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Neurol Res. 2007 Jan;29(1):96-102.

A marine-derived acidic oligosaccharide sugar chain specifically inhibits neuronal cell injury mediated by beta-amyloid-induced astrocyte activation in vitro.

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Department of Pharmacology, Marine Drug and Food Institute, Ocean University of China, Qingdao 266003, China.


In Alzheimer's disease (AD), beta-amyloid (Abeta) plaques are surrounded by activated astrocytes and microglia. A growing body of evidence suggests that these activated astrocytes contribute to neurotoxicity through the induction of inflammatory cytokines and the production of oxidative stress mediators. Thus, a compound inhibiting Abeta-induced activation of astrocytes may lead to a novel therapy for AD. Our current work investigates the roles of acidic oligosaccharide sugar chain (AOSC), derived from brown algae Echlonia Kurome Okam, on Abeta-induced inflammatory responses and cytotoxicity. We observed that AOSC inhibited the toxicity and apoptosis in SH-SY5Y cell line induced by Abeta-stimulated astrocytes conditioned medium. We found that AOSC inhibited the reactive phenotype of astrocytes, blocked cellular oxidative stress, reduced the production of tumor necrosis factor (TNF)-alpha and interleukin (IL)-6 and prevented the influx of Ca2+. Thus, our results indicate that AOSC might be a potentially therapeutic compound for AD.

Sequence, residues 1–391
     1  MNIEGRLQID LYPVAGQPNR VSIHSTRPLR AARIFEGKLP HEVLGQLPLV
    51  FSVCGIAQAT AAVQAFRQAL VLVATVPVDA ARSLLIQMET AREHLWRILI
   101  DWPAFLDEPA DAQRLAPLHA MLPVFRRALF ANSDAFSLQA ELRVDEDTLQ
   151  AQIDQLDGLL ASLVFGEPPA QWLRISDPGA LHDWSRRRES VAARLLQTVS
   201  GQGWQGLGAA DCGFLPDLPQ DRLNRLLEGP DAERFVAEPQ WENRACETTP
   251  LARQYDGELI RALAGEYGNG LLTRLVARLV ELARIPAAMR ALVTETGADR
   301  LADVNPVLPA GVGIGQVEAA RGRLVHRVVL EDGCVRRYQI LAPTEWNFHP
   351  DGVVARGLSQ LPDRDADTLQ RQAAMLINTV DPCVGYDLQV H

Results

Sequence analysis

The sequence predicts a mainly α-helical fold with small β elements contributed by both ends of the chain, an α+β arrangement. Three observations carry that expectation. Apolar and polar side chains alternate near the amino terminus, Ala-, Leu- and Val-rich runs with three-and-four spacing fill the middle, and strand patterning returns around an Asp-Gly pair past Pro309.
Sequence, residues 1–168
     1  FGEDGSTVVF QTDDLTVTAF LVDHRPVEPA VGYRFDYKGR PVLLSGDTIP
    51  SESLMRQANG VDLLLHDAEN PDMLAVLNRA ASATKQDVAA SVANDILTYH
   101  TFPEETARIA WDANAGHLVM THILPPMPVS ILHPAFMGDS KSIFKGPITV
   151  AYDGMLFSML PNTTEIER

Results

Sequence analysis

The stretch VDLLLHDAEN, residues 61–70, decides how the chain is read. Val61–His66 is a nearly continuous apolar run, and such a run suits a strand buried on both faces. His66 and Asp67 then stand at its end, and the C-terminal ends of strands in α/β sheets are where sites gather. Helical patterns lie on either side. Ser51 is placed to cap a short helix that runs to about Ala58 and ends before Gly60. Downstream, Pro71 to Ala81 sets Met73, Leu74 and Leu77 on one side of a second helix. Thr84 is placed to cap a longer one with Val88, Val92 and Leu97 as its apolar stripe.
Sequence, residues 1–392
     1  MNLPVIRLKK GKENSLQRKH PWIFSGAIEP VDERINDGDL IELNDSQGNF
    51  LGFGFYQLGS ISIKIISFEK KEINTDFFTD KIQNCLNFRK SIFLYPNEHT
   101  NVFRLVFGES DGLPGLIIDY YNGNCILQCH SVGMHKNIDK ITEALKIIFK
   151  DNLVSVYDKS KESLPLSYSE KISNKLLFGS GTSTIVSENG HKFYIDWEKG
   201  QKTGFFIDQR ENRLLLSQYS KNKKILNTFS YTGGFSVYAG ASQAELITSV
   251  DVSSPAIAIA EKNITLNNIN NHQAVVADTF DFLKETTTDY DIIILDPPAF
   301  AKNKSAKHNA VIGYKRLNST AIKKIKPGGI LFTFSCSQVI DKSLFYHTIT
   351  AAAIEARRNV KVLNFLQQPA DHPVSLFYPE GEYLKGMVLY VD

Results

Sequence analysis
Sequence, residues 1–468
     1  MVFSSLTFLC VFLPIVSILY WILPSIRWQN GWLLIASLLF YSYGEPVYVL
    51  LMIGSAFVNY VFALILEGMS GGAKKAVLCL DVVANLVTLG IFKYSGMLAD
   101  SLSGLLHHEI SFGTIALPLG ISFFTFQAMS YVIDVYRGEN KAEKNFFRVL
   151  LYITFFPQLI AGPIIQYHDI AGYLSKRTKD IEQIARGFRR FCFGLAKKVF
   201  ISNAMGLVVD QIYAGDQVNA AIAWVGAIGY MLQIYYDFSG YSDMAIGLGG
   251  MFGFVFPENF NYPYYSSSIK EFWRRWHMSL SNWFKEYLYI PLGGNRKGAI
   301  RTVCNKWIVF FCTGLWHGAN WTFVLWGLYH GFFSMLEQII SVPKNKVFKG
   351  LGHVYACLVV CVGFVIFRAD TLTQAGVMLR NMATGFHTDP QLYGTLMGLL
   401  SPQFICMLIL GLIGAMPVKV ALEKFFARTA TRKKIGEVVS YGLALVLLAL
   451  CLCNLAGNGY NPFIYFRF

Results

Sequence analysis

[Indexed for MEDLINE]

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